Two years later, Peragallo decided to try again at the same place. This time, there were no judges and his performance was markedly better.
“I put it on Facebook and someone at work saw it and put my name in for [An Evening of Comedy] show. They approached me and asked if I would consider doing it.”
Auditions were held and Peragallo ended up being one of the eight chosen to perform at the Chappaqua Performing Arts Center event.
“I went for the audition, which was in front of just four people and I was more nervous in front of four people than I was in front of a big audience,” he laughed. “But it was great and they made me comfortable.”
Peragallo, a longtime standup comedy aficionado, cites a wide variety of funny men, both old school and new school, as his major influences.
“I’ve studied them and the way they deliver,” he said. “George Carlin, Eddie Murphy, Rodney Dangerfield, Richard Pryor, Richard Jeni, Jerry Seinfeld, and the newer ones I love include Brian Regan, Jim Gaffigan, and Sebastian Maniscalco.”
When he was told he’d won a slot on the A Night of Comedy bill, Peragallo was elated.
“I said I was just happy to do anything for the hospital,” he said. “I was open to whatever they had. It sounded great; all amateurs, no professionals, very casual. They make you feel like you can do this.
“This is like my third time on stage,” he continued, “and I am preparing some new material—anything related to what I do professionally. I have some funny stories; some observations.”
The event was conceived and organized by siblings Lisa Schwartz and Scott Horwitz. Schwartz is a member of the NWH Board of Trustees and a community leader, and Horwitz has been making people laugh for years with his unique style of observational humor and will serve as the evening’s emcee.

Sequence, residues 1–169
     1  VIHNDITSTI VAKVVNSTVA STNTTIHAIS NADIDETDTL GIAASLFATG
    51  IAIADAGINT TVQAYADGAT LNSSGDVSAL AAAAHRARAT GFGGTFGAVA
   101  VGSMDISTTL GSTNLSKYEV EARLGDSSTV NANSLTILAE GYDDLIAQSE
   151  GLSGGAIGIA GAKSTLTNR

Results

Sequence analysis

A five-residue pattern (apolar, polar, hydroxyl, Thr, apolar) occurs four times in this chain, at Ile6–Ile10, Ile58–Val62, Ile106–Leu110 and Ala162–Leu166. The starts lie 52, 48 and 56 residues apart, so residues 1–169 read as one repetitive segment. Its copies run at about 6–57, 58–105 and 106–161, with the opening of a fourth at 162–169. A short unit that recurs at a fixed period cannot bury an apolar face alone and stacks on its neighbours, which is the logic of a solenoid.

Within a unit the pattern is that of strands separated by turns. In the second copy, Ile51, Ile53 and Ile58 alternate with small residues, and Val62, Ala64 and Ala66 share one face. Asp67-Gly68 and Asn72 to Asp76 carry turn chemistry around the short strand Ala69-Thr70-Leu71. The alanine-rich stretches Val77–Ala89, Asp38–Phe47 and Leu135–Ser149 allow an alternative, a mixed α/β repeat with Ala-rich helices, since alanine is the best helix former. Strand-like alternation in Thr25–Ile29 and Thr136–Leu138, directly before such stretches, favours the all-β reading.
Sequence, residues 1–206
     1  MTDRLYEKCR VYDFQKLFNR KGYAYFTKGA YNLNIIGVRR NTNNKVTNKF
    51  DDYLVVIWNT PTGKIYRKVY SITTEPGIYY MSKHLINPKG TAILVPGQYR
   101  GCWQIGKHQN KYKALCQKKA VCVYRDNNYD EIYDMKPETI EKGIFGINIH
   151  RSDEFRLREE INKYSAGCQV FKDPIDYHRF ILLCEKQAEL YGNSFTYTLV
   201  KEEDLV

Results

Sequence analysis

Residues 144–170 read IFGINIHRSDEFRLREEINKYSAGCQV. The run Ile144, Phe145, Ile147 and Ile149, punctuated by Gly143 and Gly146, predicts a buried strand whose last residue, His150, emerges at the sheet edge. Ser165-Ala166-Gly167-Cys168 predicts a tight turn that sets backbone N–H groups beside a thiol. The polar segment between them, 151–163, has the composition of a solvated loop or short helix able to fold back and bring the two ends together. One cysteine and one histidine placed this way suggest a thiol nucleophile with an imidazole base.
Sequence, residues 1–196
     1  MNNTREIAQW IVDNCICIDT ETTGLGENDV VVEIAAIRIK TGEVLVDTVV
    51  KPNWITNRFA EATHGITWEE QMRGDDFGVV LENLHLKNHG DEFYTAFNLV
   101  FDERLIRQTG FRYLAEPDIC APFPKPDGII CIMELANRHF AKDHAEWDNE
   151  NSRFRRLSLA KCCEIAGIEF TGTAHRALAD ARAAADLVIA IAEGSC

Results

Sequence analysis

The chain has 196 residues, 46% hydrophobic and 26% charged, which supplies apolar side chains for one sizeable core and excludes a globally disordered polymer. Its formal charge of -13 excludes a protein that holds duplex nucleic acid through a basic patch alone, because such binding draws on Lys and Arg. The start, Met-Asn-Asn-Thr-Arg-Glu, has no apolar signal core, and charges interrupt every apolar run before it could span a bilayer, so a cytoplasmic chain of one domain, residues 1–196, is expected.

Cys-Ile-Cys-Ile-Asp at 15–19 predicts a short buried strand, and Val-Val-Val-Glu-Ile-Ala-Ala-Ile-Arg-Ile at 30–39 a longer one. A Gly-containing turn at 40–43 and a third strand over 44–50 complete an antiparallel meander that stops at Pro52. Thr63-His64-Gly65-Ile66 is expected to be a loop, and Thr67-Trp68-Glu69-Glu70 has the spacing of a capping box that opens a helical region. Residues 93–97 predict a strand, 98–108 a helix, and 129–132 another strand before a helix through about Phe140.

“In the course of serious conversations at NWH, I noticed there are many people at the hospital who are hysterically funny. I thought we needed to harness this positive energy, and I realized I knew just the guy to do it—my brother,” Schwartz said. “Laughter has great therapeutic value. We thought a night of comedy would be a wonderful way to engage the community and raise money for a really important cause.”
NWH’s school-based health education programs provide free health and nutrition learning to pre-school, elementary, middle and high school students in over 36 Westchester schools.
Will Peragallo consider pursuing his standup dream after the Night of Comedy gig?
“I thought about going to open-mic night in the city,” he said, “but I haven’t gotten my nerve up for it. If this goes well, I might be willing to try something a little more risky. “I think it’s art form; it is one of the hardest things to do—to connect with someone and make them laugh.”
Peragallo’s mom has since moved in with him and the kids as the two have come together to overcome their tragedies.
“We’re there for each other,” he said.
Tickets for A Night of Comedy are $100 for general admission, $500 for VIP access, including a pre-show party from 6:30 to 7:30 p.m. (the show starts at 8); and $750 for cabaret seats, including access to the VIP party and seats on stage with refreshments. To purchase tickets, visit www.nwhcomedy.com.